One team unable to do anything offensively right now against starting defenses is Seattle. They had one 14-play drive in quarter 3 vs Chargers subs. Otherwise it was zilch. And that after certain Seattle player saying they had best week of practice EVER. RLY??? While RT Gilliam handles edge rushers better he's easily overpowered. Center Nowak is more physical but mental part is not there, fails to recognize blitzes, and leaves his gap to help allowing safety blitz right up middle messing up whole pass play. Can't pass effectively and can't run effectively. Waaaay too many 3 and outs. And despite what certain players say, TE Graham can't block. And Wilson not passing very well. Offense is a mess, or they are really holding back... I say mostly the former. Also say "Playoffs... don't talk about playoffs. Just try to win a game." Next up... Raiders on Thursday.

Big cuts coming this week. Must get roster down to 75 by Tuesday, then to 53.by Saturday night.
 
Jun 15, 2009
8,529
1
0
Re: Re:

on3m@n@rmy said:
jmdirt said:
The entire momentum debate moved me away from my original point: impact RBs do make a difference. Yards per carry is a bad measuring stick for impact RBs because as Foxxy has pointed out a lot of guys can average 4-5 yards per carry. Impact backs however can break 15-50 yard runs (nearly) every game. The big runs have the obvious result of moving the ball down the field, but the other, maybe bigger, value of an impact RB is how the defense has to play. Mobile QBs have a similar effect on defenses (mobile QBs usually lead the yards per carry stat). I think that Lynch, Murray, and Bell are a ways down on the yards per carry stat (Google check me please), but they are impact backs who will chip off 3-5 yard runs, then bust a 20, then 3-5, then 15...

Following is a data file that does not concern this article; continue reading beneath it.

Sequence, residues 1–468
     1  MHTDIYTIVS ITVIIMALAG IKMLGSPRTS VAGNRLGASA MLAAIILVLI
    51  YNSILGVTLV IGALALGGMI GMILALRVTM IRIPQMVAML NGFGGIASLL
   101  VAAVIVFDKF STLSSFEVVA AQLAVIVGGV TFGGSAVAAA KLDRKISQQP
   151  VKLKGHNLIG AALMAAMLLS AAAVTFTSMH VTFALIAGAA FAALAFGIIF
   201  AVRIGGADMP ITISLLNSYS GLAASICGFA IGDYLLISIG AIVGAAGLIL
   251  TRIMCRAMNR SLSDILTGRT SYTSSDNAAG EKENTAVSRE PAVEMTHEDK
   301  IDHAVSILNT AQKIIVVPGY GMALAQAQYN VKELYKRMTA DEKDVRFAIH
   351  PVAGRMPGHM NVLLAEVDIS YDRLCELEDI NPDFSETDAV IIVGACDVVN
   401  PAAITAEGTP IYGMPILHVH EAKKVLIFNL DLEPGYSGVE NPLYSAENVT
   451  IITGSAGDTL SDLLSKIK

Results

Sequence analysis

Are they worth the money they get? H No, but most players aren't. They are becoming devalued by the economy of the game though. I think that will change again soon.
I too agree with all of that. Anytime defenses know they can load up to stop offenses that are one-dimensional (either run or pass) it makes it easier for the defense. Offenses have to be able to do both to win. Have to be able to pass to win. Have to be able to run to win.
Chicken/Egg I´d guess.
Those who pass good win (even sometimes w/o a running game: see IND w/the RS GOAT, AZ w/Warner, and some more), and as nice side effect posses a good running game too (exceptions, see just last sentence in parentheses).